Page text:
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Real Estate in Chile Articles
|Real Estate Law in Chile, South America: Conducting a Title Search|
|Real Estate Articles in Chile, South America|
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A real title search in Chile goes way beyond just tracking the ownership history of a property. There are many more issues that need to be checked in the numerous public records available in the Chilean legal system, and there are many other title issues that come from just common sense experience of the problems in particular regions. Read on to find out what else you should know about title searches in Chile before buying real estate, and what documents you should expect to receive in a complete title search.
Beyond just knowing what documents to request and their significance for a title search in Chile, knowing the local problems and history is essential. For example, what are considered problems in urban areas are not even recorded in rural areas, and vice versa. What is true in the North of Chile and the South of Chile is not an issue in the Central Regions of Chile. Let us start by emphasizing that a complete title search should be done by an attorney; not a real estate agent or someone else.
Just some of the problems you or your attorney in Chile must consider on a region by region bases are the delicate status of the water rights, colonization laws, the effects of past agricultural policies of the Government, poorly conducted surveys, zoning and building permits, to name a few. What to look for is mostly determined by the history of local development patterns of the region.
Knowing were to look for the problems with any particular property is not an easy task, and finding the right strategy for a complete title search takes time. The best advice is take that time and do not rush into a purchase, or allow anyone to rush you in to a purchase in Chile until the title search is complete; however, a complete title search along with a solid contract based on that title search will help you eliminate almost all the risk associated with buying real estate in Chile.
Documents Needed for a Title Search in Chile
To start a title search you must have the registration information for the latest title on the property. The most important information is the county were it was registered, the number and page of the registration, and the year when the registration took place. The public record for each year will have the same serial numbers and pages, so knowing the year is essential. If you have this information, at the County Registry you can request the Certificate of Valid Ownership ( Certificado de Dominio con Vigencia ). With just this information a qualified attorney in Chile will be able to start the title search processes that leads to all the other documents for the property.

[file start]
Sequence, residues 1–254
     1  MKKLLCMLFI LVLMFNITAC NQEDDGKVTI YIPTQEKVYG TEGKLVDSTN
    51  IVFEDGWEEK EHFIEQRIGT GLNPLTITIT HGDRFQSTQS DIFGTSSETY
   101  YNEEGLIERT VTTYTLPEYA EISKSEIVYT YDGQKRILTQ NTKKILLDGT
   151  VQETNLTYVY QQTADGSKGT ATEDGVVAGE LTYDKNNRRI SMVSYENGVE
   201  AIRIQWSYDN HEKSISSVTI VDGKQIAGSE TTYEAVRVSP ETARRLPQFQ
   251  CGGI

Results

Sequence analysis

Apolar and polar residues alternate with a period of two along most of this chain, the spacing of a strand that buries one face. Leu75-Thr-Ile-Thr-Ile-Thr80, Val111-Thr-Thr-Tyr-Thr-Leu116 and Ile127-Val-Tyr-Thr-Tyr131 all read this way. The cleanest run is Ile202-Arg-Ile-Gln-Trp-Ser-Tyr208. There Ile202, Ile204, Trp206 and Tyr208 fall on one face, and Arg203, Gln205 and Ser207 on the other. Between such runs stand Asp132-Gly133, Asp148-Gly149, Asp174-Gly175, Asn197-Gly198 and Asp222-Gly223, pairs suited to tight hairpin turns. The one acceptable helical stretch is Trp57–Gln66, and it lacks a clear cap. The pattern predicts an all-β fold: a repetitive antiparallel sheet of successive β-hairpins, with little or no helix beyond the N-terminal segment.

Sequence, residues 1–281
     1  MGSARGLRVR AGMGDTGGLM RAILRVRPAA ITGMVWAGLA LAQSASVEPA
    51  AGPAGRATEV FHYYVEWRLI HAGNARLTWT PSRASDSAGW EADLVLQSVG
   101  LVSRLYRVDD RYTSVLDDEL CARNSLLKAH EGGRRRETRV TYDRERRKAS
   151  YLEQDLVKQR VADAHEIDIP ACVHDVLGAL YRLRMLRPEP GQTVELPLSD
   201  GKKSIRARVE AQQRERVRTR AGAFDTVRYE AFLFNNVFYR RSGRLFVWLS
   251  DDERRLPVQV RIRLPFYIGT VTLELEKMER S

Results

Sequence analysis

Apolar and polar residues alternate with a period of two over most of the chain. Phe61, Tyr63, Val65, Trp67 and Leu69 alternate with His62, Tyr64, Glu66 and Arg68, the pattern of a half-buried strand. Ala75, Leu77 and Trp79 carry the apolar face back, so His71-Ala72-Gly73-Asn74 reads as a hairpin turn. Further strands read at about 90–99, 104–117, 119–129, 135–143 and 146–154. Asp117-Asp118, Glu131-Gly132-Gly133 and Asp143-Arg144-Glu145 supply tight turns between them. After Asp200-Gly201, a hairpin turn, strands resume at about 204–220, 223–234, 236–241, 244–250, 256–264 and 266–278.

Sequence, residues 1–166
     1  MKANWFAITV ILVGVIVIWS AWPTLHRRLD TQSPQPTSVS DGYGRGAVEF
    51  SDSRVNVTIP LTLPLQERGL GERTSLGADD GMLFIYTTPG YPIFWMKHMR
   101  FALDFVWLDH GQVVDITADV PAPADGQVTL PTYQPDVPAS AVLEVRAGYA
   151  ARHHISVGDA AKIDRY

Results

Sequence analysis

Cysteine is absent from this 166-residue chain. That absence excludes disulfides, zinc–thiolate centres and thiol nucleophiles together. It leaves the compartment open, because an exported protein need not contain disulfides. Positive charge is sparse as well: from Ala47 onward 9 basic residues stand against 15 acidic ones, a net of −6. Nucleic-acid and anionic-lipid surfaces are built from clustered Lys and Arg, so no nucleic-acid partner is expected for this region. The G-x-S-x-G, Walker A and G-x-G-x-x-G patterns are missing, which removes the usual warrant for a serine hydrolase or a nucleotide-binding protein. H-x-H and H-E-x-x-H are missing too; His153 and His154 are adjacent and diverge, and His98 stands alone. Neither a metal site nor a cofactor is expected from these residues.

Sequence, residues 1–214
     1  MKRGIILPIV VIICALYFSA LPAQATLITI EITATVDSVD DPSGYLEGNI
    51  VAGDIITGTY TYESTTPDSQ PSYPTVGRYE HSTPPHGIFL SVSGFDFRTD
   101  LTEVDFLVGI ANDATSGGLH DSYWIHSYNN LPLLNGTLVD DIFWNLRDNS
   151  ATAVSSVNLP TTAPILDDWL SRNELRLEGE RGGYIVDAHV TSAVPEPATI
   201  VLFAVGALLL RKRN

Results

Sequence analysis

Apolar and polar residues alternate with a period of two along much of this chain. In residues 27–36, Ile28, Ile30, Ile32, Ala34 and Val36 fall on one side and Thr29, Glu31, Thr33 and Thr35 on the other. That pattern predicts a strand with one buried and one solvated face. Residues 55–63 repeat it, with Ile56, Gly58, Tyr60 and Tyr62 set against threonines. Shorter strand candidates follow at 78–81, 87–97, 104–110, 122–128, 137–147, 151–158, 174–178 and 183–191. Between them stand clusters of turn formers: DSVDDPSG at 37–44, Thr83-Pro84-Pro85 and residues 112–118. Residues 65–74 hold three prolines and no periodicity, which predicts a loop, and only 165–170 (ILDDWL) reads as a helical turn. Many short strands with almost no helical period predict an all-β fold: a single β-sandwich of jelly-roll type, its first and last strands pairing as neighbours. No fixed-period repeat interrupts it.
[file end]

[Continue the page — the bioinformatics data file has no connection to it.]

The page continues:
You must keep in mind that a comprehensive title search will include an examination of all registrations for 10 years. This time frame it is based on the maximum statute of limitations established by law for bringing legal claims against a property in Chile. Many problems, or potential problems, can be detected based only on the information collected by the title registration. For example, potential legal claims based on inheritance, pending contract obligations, and so on.
Each county (or group of counties in the less populated areas of the Chile) has its own regional Registry. For purchases of property in southern Chile, handling a title search from Santiago will imply dealing with the regional authorities, local municipalities, and the registries in the city where you are purchasing the property. Often in remote towns you will have to deal with the public offices in the provincial capital and regional authorities to collect all of the needed documents. For example, if you are purchasing property near Futaleufu, this will mean dealing with the Municipality in Futaleufu, the Registry in Chaiten, and the regional authorities such as the IRS office in Puerto Montt. All of these are hundreds of miles apart, and each has its own office politics and culture.